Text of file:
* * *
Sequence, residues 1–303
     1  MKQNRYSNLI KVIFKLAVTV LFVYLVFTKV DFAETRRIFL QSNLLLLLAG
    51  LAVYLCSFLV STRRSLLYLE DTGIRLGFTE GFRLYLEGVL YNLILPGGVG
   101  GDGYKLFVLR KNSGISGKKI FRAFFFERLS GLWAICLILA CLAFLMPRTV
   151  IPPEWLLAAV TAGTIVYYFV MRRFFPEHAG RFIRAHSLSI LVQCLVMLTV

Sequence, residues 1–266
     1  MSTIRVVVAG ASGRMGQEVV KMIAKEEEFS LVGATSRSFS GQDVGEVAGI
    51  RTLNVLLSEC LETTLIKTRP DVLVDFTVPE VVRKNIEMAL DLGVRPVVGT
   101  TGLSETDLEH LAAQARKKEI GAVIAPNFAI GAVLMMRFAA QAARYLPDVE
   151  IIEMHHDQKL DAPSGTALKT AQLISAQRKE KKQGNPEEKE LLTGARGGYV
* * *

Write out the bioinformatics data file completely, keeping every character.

Sequence, residues 1–303
     1  MKQNRYSNLI KVIFKLAVTV LFVYLVFTKV DFAETRRIFL QSNLLLLLAG
    51  LAVYLCSFLV STRRSLLYLE DTGIRLGFTE GFRLYLEGVL YNLILPGGVG
   101  GDGYKLFVLR KNSGISGKKI FRAFFFERLS GLWAICLILA CLAFLMPRTV
   151  IPPEWLLAAV TAGTIVYYFV MRRFFPEHAG RFIRAHSLSI LVQCLVMLTV

Sequence, residues 1–266
     1  MSTIRVVVAG ASGRMGQEVV KMIAKEEEFS LVGATSRSFS GQDVGEVAGI
    51  RTLNVLLSEC LETTLIKTRP DVLVDFTVPE VVRKNIEMAL DLGVRPVVGT
   101  TGLSETDLEH LAAQARKKEI GAVIAPNFAI GAVLMMRFAA QAARYLPDVE
   151  IIEMHHDQKL DAPSGTALKT AQLISAQRKE KKQGNPEEKE LLTGARGGYV